UK Charity Commission probe redirects $25 million to NGOs
5 April 2019 at 4:28 pm
Millions of dollars of misused charity funds have been distributed to good causes amid a lengthy investigation by the UK Charity Commission.
The commission’s statutory inquiry into Relief for Distressed Children and Young People concluded last week, resulting in the organisation’s dissolution and removal from the Register of Charities.
The investigation began in 2006, after concerns were raised about the poverty charity’s management and administration.
Trustees were asked about US$6.35 million (A$9 million) in funds which they claimed had been spent on building orphanages in Iraq.
Investigators soon realised more than US$5 million (A$7 million) had been given to non-charitable organisations or the trustees’ friends and family in Iraq.
In 2007, the commission suspended the trustees and the chair was removed in September that year. The remaining trustees were removed the following year.
The commission then appointed an interim manager to take over the charity and settle any tax liabilities, as well as decide on the charity’s future.
The inquiry eventually found clear misconduct by the former trustees, including providing false and misleading information to the commission, misusing charity assets, and a failure to manage conflicts of interest.
In a bid to remedy the misconduct, between 2011 and 2016 the interim manager awarded £13.8 million (A$25 million) from the charity’s funds – that had been frozen by the commission at the start of the inquiry – in grants to three charities working in Iraq to relieve poverty.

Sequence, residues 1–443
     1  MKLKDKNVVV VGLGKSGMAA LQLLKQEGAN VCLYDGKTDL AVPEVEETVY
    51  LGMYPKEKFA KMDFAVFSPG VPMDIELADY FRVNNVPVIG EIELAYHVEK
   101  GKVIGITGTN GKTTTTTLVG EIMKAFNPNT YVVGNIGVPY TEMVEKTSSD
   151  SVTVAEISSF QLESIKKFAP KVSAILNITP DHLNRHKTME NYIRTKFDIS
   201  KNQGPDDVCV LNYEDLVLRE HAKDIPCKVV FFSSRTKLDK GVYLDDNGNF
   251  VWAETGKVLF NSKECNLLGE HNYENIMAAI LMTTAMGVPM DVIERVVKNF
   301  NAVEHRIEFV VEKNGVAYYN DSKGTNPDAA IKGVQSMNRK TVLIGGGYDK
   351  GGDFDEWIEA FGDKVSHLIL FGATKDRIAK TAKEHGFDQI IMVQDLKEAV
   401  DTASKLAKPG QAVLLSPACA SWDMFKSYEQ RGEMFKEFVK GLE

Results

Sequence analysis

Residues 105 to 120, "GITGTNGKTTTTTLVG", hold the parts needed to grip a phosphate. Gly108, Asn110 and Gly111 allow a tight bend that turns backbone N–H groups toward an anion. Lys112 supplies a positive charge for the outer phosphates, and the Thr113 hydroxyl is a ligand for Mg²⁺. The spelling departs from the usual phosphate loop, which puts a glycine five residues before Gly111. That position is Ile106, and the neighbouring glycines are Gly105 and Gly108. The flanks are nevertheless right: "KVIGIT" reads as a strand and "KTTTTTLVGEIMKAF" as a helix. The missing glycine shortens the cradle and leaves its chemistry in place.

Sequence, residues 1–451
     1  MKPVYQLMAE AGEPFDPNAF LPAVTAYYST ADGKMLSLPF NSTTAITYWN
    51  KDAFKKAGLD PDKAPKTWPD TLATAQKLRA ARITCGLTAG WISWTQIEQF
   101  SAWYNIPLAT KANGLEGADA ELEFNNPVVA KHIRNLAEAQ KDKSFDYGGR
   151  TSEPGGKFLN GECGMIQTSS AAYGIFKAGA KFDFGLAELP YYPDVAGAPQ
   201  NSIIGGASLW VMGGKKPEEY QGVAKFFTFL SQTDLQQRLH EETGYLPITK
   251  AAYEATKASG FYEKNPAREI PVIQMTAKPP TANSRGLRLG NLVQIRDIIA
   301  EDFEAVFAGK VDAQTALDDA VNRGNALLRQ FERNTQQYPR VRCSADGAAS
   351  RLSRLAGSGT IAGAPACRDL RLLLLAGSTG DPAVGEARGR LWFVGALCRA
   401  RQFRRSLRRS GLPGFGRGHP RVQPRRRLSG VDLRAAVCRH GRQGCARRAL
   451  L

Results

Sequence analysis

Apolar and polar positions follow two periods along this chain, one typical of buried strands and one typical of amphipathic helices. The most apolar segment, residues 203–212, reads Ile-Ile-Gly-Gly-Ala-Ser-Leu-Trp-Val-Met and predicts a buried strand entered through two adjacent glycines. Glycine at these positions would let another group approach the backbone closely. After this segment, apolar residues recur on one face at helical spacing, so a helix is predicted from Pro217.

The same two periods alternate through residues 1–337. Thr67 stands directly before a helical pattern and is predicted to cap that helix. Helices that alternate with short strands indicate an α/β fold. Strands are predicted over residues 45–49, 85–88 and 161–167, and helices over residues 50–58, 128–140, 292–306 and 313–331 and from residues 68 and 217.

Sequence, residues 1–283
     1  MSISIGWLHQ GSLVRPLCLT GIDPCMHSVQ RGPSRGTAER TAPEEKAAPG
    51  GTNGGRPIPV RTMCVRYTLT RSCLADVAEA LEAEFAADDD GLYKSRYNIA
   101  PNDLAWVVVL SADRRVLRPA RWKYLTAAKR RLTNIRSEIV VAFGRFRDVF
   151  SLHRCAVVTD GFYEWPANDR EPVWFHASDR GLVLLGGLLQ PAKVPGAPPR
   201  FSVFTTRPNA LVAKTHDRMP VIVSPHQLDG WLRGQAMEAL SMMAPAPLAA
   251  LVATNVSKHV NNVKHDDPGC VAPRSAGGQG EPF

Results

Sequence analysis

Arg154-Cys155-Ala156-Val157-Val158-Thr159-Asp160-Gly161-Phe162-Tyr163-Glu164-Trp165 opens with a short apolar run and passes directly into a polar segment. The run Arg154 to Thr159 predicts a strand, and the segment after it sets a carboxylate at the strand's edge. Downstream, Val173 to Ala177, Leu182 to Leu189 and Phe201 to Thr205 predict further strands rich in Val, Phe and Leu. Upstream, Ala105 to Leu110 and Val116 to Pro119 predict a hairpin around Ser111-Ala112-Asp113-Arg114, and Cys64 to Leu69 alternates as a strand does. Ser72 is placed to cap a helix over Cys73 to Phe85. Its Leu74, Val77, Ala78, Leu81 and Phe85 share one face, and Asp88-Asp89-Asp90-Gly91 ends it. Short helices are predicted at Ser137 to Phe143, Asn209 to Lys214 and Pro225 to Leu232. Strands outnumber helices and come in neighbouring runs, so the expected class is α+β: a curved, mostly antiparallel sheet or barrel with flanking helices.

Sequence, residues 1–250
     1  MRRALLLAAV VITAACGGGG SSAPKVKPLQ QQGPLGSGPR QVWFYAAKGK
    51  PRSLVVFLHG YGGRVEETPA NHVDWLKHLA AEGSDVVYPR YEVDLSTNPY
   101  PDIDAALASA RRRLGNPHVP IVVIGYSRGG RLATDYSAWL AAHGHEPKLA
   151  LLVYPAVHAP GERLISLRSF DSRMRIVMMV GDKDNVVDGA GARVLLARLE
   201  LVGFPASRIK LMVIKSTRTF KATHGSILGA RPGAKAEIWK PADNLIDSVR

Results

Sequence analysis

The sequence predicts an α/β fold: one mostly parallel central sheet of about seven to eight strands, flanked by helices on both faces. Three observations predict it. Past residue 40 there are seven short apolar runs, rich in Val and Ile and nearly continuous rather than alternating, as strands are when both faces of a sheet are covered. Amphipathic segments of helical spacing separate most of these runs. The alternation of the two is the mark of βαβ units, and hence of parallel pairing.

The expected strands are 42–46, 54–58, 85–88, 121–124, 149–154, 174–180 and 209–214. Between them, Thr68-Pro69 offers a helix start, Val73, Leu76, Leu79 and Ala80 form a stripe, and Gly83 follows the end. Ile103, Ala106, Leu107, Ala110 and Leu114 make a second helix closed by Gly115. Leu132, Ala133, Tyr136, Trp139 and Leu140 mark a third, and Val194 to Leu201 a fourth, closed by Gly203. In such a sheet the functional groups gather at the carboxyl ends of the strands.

These charities were UNICEF UK, Save the Children Fund, and Christian Aid.
Michelle Russell, the charity commission’s director of investigations, monitoring and enforcement, said the inquiry had relentlessly pursued these funds so that a significant sum could be safeguarded and applied to good causes.
“A series of actions by the former trustees allowed charitable funds to be misapplied and put at risk. Our protective action ensured they put right their mistakes and have been held to account for their actions,” Russell said.
“As regulator, we want to see charity thrive. This case highlights the lengths we will go to address misconduct and/or mismanagement in charities and protect charity property and assets so that the sector can inspire trust.”
After settling any outstanding liabilities, the interim manager distributed the charity’s remaining funds before dissolving it.
Following his removal as trustee, the charity’s former chair has been disqualified from serving as a charity trustee or holding any senior management role in any charity in England and Wales.
In the commission’s published decision, it warned that trustees had a legal duty to ensure their charity’s funds were applied solely and reasonably to further its stated purpose.
It said trustees must keep records and an adequate audit trail to prove the charity’s money had been properly spent.
“Records of both domestic and international transactions must be sufficiently detailed to demonstrate that funds have been spent properly and in a manner consistent with the purpose and objectives of the charity,” the commission said.